The first myth is often confused for a description of a stupid universe, where a kind of sneering randomness is always threatening to drag intelligence back into the retard soup of mere matter, but it strikes me as more reminiscent of the Taoist notion of nature arising of itself, so. Find a pusher in the world of modern physics and you’ll have yourself a Nobel Prize.
The second myth is often confused for a fatalistic and horrifying vision of a never-ending wheel of experience from which there is no final and ultimate escape, but it seems to me that if the universe is a drama, then it is not ultimately serious. To view it as a trap is to miss the point of it’s being play.
The third myth is often confused for the first myth in terms of evidential validity, and so we have people like Ken Ham committing tax fraud to build an Ark in the hopes of… well what exactly I’m not even sure if he knows. It also makes us feel like we are basically separate, that Big Daddy plonked us here and because “I, the lord God made you, and I can unmake you!”, which he promises to do should you fail to prostrate yourself to demonstrate that you have no plans for revolution.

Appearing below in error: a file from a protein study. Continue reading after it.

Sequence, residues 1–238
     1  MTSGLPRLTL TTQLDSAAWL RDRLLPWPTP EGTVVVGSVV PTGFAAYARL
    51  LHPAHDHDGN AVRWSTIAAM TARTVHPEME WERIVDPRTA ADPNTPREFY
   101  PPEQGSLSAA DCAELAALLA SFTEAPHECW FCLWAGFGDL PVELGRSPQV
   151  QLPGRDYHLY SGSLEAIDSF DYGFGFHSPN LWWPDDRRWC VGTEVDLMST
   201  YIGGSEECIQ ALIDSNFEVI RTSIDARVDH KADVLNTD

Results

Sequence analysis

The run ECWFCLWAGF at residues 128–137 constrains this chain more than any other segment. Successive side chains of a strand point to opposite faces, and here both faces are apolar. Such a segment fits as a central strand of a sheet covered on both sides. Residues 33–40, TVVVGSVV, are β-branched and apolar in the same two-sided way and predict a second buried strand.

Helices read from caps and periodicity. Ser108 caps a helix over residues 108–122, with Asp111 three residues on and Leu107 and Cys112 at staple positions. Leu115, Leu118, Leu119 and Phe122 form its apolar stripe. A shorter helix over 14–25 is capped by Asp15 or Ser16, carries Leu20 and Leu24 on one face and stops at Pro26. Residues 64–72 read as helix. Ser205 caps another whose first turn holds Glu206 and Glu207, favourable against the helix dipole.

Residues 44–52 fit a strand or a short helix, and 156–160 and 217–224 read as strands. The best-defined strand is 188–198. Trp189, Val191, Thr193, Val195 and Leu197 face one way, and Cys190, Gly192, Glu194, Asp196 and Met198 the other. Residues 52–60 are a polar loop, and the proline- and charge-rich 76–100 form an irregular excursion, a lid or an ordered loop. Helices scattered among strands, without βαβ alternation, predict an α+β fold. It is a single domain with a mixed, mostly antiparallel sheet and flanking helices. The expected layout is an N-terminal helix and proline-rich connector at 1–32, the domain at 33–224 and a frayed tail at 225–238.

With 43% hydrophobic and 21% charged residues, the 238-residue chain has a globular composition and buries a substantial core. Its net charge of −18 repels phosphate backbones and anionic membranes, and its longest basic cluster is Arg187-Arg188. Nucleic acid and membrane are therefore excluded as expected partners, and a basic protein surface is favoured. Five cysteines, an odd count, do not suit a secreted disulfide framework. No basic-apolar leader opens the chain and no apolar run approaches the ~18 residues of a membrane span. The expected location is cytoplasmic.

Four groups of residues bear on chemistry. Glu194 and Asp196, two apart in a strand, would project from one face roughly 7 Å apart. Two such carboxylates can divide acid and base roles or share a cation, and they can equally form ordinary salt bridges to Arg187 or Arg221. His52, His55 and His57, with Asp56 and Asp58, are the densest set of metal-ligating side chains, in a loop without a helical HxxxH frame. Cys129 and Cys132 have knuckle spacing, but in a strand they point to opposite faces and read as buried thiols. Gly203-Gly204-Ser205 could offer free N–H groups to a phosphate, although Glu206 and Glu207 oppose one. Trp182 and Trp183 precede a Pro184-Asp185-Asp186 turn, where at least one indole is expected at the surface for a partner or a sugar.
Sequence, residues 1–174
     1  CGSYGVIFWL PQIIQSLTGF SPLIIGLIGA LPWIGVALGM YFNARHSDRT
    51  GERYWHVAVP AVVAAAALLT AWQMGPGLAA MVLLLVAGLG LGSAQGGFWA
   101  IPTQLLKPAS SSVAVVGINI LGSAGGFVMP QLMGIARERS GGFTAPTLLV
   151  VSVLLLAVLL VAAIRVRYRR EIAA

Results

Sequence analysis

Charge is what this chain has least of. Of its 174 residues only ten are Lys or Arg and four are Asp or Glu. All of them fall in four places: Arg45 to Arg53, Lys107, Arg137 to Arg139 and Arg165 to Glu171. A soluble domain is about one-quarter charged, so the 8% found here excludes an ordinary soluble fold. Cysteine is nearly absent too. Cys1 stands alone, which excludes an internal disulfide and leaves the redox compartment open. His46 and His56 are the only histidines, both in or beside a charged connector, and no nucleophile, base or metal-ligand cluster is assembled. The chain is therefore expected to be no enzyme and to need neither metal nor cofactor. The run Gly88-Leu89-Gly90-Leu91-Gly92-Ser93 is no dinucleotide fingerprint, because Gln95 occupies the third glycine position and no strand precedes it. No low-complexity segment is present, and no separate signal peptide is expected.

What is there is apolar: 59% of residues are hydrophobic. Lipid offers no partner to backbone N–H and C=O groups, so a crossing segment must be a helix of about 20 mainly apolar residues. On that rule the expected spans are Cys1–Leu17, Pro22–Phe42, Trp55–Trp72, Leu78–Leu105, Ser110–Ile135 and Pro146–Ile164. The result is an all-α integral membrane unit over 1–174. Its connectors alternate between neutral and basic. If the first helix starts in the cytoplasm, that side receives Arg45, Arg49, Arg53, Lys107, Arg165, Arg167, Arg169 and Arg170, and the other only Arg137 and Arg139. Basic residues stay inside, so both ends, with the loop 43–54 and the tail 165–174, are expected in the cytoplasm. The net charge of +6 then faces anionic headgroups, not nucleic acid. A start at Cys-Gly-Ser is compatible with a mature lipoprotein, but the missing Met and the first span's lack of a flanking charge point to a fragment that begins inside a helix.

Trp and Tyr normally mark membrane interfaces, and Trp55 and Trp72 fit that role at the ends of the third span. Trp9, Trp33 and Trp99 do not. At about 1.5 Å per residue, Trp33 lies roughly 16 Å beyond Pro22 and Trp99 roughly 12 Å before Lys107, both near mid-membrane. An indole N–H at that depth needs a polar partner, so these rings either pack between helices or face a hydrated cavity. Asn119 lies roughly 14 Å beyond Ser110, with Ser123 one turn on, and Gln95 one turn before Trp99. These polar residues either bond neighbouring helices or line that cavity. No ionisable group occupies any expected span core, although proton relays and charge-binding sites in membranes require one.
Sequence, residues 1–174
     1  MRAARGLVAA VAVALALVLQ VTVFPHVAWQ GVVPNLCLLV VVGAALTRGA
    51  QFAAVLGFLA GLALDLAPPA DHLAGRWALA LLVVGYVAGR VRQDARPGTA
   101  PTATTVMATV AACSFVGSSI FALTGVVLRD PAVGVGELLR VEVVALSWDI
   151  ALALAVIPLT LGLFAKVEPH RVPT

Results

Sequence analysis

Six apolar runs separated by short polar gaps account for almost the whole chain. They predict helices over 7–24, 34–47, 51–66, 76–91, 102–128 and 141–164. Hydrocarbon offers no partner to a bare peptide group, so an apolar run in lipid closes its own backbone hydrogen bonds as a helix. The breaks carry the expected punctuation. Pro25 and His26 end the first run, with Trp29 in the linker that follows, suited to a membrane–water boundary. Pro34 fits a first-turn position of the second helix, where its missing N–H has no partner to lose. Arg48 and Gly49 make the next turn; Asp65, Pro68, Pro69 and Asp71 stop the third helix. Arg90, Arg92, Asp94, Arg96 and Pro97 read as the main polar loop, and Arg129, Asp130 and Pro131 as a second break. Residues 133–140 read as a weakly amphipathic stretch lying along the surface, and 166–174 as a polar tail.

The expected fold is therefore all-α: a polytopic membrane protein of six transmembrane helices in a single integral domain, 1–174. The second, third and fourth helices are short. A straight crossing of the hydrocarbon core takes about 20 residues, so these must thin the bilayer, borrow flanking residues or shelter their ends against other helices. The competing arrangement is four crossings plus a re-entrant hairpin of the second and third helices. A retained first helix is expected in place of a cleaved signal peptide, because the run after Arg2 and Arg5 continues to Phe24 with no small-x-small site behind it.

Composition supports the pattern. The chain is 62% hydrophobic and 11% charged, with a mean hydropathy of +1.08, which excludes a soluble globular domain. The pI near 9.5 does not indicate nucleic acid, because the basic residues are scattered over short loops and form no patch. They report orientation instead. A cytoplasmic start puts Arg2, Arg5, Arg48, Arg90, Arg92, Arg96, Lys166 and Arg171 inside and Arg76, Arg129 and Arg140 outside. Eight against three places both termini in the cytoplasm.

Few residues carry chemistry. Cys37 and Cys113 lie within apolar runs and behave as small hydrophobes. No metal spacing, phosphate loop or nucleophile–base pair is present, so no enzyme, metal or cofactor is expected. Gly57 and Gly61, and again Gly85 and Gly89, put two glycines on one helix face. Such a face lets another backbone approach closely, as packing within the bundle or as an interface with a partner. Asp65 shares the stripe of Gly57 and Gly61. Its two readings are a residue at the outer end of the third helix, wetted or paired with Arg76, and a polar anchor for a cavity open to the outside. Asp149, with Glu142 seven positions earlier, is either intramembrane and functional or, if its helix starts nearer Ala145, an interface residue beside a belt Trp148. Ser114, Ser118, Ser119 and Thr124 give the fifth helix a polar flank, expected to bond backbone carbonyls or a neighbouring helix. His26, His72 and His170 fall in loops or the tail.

Over human history there have been thousands upon thousands of such myths, and they point to not only the macro-cosmic experience of birth, life and death, but also of the microcosmic experience of the same. We tell ourselves these stories in terms of metaphor and poetics because it is simply impossible to really get at what’s going on here in any satisfying way by approaching it one bit at a time. By the time one bit has been described, the whole scene has shifted, and there are thousands of new bits to account for. So we point instead. There have been ancient theories of the multiverse, for example in the Mayan cosmology whereby there are levels of reality pertaining to different states of being, and likewise most cultures have a concept of the disembodied, the purely informational, energy based consciousness, which is characterized by ghosts, spirits and spectres. The djinns of the ancient Arabs, the shades of Dante’s Inferno, the soul of Christian theology.